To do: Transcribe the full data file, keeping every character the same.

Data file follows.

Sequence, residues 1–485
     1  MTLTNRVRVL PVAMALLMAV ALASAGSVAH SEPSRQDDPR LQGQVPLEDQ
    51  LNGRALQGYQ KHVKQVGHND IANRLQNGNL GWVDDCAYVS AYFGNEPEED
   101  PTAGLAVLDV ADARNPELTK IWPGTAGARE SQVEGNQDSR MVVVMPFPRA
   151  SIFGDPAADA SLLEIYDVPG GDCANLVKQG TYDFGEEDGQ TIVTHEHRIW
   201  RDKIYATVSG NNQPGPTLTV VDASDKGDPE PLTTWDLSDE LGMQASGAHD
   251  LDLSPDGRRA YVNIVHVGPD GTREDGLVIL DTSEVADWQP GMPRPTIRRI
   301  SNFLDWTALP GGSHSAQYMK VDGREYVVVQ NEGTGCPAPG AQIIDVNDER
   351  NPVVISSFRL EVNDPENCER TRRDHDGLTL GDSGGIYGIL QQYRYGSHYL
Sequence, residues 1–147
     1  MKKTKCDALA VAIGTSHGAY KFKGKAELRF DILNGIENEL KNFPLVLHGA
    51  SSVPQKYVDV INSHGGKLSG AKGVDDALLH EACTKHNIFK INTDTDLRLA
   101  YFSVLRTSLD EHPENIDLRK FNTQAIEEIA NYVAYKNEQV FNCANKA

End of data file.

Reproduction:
Sequence, residues 1–485
     1  MTLTNRVRVL PVAMALLMAV ALASAGSVAH SEPSRQDDPR LQGQVPLEDQ
    51  LNGRALQGYQ KHVKQVGHND IANRLQNGNL GWVDDCAYVS AYFGNEPEED
   101  PTAGLAVLDV ADARNPELTK IWPGTAGARE SQVEGNQDSR MVVVMPFPRA
   151  SIFGDPAADA SLLEIYDVPG GDCANLVKQG TYDFGEEDGQ TIVTHEHRIW
   201  RDKIYATVSG NNQPGPTLTV VDASDKGDPE PLTTWDLSDE LGMQASGAHD
   251  LDLSPDGRRA YVNIVHVGPD GTREDGLVIL DTSEVADWQP GMPRPTIRRI
   301  SNFLDWTALP GGSHSAQYMK VDGREYVVVQ NEGTGCPAPG AQIIDVNDER
   351  NPVVISSFRL EVNDPENCER TRRDHDGLTL GDSGGIYGIL QQYRYGSHYL
Sequence, residues 1–147
     1  MKKTKCDALA VAIGTSHGAY KFKGKAELRF DILNGIENEL KNFPLVLHGA
    51  SSVPQKYVDV INSHGGKLSG AKGVDDALLH EACTKHNIFK INTDTDLRLA
   101  YFSVLRTSLD EHPENIDLRK FNTQAIEEIA NYVAYKNEQV FNCANKA